HEALTHY PLATE: Consider fruit at the dinner table

Associated PressJune 16, 2010 

If you found it hard to get the five daily servings of produce you’ve been told for years you need, you’ll probably find it even harder to get the nine servings that experts now suggest.

But adding a fruit chutney or compote to your dinner plate — rather than just over a dessert — can help nudge you along.

Chutneys and compotes are both good choices, especially between seasons when fruits aren’t necessarily at their best.

Both types of sauces usually are cooked, which means that even if the fruits aren’t that sweet, any sugars they do have will concentrate, and the resulting flavors will be much more intense.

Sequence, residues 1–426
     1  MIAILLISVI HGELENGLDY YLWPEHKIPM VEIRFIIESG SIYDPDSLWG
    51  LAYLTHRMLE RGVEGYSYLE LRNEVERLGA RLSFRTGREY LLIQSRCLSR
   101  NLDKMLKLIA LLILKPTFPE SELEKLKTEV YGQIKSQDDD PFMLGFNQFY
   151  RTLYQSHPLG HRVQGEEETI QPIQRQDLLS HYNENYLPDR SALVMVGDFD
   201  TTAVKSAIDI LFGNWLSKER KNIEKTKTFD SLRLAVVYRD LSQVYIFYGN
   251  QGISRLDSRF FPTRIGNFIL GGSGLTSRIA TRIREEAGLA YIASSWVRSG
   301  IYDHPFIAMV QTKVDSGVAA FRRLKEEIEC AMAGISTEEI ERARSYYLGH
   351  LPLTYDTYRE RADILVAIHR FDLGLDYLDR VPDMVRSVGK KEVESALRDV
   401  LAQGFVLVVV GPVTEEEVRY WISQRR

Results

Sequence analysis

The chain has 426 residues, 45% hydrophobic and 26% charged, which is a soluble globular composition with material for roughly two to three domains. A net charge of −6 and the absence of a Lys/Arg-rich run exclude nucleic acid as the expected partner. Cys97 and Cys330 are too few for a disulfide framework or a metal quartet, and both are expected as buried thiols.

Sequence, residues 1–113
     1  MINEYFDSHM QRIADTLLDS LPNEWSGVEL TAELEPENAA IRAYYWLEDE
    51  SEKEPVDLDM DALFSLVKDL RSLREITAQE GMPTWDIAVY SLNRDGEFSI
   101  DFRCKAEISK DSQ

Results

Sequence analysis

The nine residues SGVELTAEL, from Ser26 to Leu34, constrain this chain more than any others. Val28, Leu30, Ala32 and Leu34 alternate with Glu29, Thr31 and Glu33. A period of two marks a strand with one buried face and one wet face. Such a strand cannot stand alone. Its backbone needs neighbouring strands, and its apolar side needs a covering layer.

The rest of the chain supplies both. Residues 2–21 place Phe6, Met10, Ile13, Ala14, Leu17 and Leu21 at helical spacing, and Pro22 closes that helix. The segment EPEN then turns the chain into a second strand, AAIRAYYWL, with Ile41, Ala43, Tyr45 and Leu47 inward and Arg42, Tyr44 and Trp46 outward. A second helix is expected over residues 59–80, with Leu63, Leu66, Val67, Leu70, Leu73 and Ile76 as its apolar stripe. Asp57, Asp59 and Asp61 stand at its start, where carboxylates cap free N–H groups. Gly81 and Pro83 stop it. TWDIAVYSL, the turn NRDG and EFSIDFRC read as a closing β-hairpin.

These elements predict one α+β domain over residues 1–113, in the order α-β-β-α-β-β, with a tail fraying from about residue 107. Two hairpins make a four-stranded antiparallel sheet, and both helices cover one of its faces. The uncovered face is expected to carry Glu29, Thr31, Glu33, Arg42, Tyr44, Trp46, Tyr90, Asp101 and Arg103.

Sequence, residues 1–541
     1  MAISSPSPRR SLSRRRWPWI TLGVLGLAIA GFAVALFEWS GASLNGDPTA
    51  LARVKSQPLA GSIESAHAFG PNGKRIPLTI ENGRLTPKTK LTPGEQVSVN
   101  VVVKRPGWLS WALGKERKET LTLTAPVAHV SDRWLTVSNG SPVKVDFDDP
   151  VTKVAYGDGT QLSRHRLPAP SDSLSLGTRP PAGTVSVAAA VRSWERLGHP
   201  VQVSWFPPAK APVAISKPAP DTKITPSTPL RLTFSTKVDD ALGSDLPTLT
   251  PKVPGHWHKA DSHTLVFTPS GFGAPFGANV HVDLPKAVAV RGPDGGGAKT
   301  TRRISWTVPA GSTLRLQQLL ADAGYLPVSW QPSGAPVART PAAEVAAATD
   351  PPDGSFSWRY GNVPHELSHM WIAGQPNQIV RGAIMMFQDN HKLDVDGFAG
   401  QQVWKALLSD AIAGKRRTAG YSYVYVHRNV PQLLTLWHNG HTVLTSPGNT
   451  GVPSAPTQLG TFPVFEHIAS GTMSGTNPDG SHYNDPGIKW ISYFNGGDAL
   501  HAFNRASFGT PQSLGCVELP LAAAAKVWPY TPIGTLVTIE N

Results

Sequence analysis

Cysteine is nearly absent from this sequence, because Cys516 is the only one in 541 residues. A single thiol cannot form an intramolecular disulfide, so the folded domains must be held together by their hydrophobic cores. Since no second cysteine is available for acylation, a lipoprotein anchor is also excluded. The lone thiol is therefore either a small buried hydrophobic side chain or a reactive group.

Compotes can be made with fresh or dried fruit, which usually is left chunky and baked or simmered in a light syrup. It can be served as a side or topping to a savory entree, such as chicken or pork.

A chutney is a condiment made with fruits, vegetables or legumes. They can vary in texture, be sweet or sour, and range in spiciness from mild to very hot.

Chutney can be made from a mixture of raw ingredients, but the most familiar versions, such as mango chutney, are cooked and consist of a fruit or vegetable, sugar, vinegar and spices.

This recipe for sauteed chicken breasts with strawberry-blueberry chutney is a delicious example of adding fruit sauces to your dinner plate. Early spring strawberries (which may not be their ripest) are cooked with intensely flavored, sweet dried blueberries, chopped red onion and spicy fresh ginger to create a sweet and savory sauce that complements chicken, pork or beef.

If you like, substitute fresh rhubarb for the strawberries to create a more bracing chutney.

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